Aminobisphosphonates via Multicomponent Reactions

by | Apr 1, 2015

Functional polymers containing aminobisphosphonates are synthesized using controlled radical polymerization and post-polymerization multicomponent reactions.

Functional polymers, especially water-soluble ones, have found numerous applications in the MVbiomedical field. However, synthesis of such polymers can often be challenging due to the incompatibility of the functional groups with many polymerization methods. Therefore, it is critical to explore new routes to such functional materials.

Multicomponent reactions are a class of extremely versatile reactions that can introduce multiple functionalities in a single, one-pot reaction. Combining this functionalization method with controlled polymerization techniques offers promising opportunities to create well-defined functional materials. Aminobisphosphonates are attractive compounds in many different fields especially due to their chelating ability. The aminobisphosphonate moiety creates a chelating group that offers three binding sites, improving the overall stability of the binding complex. This chelating ability can be utilized in a variety of ways, ranging from water purification to biomedical applications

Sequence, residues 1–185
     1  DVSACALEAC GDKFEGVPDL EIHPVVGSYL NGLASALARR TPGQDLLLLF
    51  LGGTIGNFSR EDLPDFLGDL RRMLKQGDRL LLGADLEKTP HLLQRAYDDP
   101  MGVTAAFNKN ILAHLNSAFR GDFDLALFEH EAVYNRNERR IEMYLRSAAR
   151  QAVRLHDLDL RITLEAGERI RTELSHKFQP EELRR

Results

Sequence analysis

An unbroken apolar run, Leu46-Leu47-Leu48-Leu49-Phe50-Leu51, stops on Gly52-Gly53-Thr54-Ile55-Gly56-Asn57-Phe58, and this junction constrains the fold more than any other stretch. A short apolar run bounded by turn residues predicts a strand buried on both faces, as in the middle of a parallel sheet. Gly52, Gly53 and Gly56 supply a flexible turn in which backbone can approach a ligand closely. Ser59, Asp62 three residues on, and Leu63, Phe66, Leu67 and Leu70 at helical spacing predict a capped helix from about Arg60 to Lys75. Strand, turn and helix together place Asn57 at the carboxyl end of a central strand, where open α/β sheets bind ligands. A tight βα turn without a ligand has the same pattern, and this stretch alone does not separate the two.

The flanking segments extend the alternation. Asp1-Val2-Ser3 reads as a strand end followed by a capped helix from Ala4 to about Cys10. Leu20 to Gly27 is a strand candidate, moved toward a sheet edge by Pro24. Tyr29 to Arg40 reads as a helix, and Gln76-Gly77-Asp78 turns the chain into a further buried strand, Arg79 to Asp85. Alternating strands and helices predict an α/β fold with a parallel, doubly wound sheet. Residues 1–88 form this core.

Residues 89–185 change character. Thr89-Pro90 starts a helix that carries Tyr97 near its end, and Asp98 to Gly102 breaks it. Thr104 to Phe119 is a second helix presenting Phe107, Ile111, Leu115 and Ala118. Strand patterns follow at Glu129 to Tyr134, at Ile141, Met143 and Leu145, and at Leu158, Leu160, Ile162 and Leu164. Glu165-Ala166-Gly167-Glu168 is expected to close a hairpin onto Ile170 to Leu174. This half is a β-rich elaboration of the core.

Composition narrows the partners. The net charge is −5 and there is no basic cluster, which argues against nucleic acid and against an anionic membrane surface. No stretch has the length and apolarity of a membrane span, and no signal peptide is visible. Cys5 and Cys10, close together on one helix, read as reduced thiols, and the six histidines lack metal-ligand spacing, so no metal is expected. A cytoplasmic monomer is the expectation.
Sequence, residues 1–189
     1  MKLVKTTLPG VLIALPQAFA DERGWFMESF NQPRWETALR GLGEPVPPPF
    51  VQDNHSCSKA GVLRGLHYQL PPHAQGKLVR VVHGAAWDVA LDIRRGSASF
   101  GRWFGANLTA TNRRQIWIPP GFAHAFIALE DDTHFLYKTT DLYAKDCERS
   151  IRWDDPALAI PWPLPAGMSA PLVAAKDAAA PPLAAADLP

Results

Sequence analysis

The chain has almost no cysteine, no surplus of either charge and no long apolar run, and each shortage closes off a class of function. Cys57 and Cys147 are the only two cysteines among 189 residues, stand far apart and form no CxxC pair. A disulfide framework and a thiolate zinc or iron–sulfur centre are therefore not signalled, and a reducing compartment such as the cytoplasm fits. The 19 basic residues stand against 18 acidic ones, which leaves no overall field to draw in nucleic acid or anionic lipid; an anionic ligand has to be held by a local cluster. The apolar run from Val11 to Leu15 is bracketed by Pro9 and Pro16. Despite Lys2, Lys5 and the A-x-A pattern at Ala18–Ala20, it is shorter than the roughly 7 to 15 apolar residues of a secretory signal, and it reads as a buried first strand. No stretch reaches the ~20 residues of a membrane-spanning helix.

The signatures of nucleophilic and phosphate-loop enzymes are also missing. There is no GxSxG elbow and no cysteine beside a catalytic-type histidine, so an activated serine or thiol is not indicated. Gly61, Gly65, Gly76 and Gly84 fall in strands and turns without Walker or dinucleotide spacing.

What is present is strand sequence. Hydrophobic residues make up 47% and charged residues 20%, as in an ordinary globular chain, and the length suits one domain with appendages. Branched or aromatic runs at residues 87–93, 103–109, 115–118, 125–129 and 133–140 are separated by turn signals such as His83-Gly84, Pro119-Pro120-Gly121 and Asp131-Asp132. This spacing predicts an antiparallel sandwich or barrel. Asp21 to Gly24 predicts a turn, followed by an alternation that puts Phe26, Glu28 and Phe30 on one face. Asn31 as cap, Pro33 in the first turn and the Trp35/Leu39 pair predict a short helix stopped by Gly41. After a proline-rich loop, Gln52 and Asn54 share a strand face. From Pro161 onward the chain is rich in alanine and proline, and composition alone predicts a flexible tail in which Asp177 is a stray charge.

Researchers from the University of Florida describe the synthesis of well-defined polyacrylamides bearing aminobisphosphonate groups on nearly every repeat unit by using controlled radical polymerization and a post-polymerization multicomponent reaction. The reactions were optimized to increase the functionalization efficiency to create water-soluble, highly ionized materials.

Due to their binding ability, these polymers can chelate radionuclides, which are used for internal radiation therapy. Moreover, phosphonic acid groups are known to target bone tissue, making these compounds potentially useful in the treatment of bone cancer. The group ultimately envisions a combination of active targeting through the phosphonic acid groups and passive targeting through the enhanced permeation and retention (EPR) effect, a well-studied phenomenon showing exclusion of macromolecules from healthy tissue and preferential accumulation in cancer cells.